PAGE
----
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BREAKING NEWS: CAL. SUPREME COURT RULES ON COMP MARIJUANA CASE

April 1st, 2014 No comments

THE FOLLOWING IS AN APRIL FOOLS’ JOKE FROM 4/1/2014.

Hello, dear readers!  Although your humble blogger has confined his ranting to Mondays, Wednesdays, and Fridays, in compliance with what I shall only refer to as Judge Wesley Lucan’s restraining “suggestion”, this is a breaking news alert.

In the late hours of yesterday evening, the Supreme Court of California handed down its opinion in the case of Pacific Pipes v. Workers’ Compensation Appeals Board, ruling that the WCAB has jurisdiction to require employers to provide medicinal marijuana to employees treating for or recovering from industrial injuries.

Jack Warner, an employee of Pacific Pipes, claimed to have sustained an industrial injury over a cumulative period resulting in headaches, sleep problems, and generalized pain.  “I get tired after work sometimes,” Mr. Warner was quoted as saying on the steps of the WCAB.

Mr. Warner’s primary treating physician, Mary Jane, M.D., recommended medical marijuana to ease Mr. Warner’s symptoms.  However, as his temporary disability benefits had been exhausted, Dr. Jane also recommended that the employer furnish Mr. Warner with a dark room in which he could smoke marijuana at work prior to performing his duties of operating heavy machinery and driving the local school bus (on an on-call basis).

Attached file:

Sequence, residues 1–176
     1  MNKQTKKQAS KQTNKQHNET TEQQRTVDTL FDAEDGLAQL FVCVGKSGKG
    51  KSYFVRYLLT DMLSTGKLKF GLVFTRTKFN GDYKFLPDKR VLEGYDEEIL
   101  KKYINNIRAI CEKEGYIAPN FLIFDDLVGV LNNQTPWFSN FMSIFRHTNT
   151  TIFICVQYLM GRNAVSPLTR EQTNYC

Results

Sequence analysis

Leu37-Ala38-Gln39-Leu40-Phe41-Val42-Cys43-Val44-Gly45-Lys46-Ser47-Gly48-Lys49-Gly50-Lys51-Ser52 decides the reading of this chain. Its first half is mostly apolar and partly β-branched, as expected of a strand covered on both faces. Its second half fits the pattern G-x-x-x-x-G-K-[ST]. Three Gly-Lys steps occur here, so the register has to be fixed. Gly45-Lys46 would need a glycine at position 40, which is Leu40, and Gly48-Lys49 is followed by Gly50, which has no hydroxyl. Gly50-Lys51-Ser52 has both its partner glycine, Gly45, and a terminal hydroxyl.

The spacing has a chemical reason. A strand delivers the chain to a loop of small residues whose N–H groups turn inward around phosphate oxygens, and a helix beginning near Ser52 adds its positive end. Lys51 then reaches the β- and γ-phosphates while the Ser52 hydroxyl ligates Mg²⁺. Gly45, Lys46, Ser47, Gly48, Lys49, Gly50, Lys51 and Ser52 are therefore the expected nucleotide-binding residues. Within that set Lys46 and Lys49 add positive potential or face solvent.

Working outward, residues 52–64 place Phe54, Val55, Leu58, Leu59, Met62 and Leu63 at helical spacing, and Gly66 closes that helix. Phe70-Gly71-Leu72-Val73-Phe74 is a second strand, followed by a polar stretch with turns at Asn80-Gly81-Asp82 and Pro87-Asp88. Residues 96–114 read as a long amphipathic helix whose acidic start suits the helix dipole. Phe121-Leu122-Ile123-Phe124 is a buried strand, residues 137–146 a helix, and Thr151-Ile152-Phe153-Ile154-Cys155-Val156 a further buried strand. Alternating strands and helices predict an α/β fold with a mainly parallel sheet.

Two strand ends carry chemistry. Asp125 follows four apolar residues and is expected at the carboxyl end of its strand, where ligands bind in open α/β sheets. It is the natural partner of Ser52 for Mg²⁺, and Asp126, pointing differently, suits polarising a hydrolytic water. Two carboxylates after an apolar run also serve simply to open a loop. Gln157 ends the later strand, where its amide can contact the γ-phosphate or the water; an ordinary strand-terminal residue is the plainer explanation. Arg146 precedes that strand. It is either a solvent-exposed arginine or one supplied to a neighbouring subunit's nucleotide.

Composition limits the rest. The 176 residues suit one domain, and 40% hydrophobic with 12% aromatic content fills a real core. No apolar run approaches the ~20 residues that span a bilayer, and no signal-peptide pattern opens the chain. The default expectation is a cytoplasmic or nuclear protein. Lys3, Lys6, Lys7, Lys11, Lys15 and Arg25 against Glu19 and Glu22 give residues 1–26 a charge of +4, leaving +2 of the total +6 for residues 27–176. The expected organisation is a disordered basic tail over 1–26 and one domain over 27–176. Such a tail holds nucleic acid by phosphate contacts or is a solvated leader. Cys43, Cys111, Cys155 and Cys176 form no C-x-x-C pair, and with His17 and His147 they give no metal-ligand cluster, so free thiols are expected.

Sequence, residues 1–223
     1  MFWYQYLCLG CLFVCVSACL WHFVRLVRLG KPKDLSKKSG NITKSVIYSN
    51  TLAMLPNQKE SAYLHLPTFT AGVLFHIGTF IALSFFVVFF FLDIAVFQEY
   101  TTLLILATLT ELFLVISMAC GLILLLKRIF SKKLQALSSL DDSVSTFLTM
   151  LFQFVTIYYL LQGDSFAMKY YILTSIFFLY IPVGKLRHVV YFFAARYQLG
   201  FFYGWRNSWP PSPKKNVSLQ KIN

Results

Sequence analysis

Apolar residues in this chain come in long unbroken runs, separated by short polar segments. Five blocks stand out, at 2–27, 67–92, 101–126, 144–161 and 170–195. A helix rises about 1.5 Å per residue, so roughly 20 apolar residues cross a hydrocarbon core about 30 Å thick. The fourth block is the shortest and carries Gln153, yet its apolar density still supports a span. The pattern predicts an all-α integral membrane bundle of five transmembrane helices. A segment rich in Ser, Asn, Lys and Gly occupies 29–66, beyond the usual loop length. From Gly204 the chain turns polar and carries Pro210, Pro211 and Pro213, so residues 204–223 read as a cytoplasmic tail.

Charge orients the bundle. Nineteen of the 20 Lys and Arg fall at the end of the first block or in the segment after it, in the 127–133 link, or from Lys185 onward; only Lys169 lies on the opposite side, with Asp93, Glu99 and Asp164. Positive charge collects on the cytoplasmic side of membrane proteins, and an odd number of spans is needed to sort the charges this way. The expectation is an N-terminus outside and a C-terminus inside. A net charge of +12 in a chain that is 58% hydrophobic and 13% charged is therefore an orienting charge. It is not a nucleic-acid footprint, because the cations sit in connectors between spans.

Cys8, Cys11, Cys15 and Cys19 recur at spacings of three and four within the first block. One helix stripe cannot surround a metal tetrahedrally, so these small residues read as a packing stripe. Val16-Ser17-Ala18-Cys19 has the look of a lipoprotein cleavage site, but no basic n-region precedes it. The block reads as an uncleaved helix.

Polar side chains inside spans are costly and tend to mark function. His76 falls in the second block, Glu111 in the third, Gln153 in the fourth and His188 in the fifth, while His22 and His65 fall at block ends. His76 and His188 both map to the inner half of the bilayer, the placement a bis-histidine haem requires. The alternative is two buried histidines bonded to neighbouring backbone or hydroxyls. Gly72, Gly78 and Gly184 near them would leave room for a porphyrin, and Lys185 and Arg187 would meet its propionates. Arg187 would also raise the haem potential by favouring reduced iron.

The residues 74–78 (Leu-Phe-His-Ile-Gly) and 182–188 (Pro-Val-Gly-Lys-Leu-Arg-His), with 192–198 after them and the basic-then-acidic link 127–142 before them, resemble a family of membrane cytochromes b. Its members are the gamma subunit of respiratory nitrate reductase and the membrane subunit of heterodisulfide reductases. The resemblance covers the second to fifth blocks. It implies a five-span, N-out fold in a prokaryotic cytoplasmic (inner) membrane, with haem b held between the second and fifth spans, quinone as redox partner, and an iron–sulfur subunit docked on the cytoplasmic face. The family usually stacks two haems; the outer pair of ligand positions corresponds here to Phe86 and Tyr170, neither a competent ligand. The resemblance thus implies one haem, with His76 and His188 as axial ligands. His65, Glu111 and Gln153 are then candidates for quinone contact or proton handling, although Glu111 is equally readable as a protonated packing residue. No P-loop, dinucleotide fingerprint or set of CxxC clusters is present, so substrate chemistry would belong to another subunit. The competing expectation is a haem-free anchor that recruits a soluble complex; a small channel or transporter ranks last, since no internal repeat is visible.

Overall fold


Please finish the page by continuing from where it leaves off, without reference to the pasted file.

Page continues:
The employer was admonished to allow great latitude in Mr. Warner’s choice of music during these self-administered “treatment sessions” and to provide nutritional supplements in the form of chips, cookies, and water.

The employer sought WCAB intervention, but was ordered to comply with Dr. Jane’s recommendations.

After winding its way through the lower courts, the Supreme Court finally reviewed the matter and ruled that Labor Code section 4600 specifically requires employers to provide reasonable medical treatment to cure or relieve from the effects of the industrial injury.  The Court further ruled that California Health and Safety Code section 11362.785(d) was unconstitutional, and void.

In writing for the majority opinion, Justice Wender referred to the employer, Pacific Pipes, as a “narc” and strongly urged all parties to just “chill out.”

There has yet to be any comment from a representative of the Federal Government as to how the relevant laws will clash in the future.

Your humble blogger encourages all employers and insurers to smile once in a while, try to take workers’ comp in stride, and enjoy the rest of your April Fools’ day!

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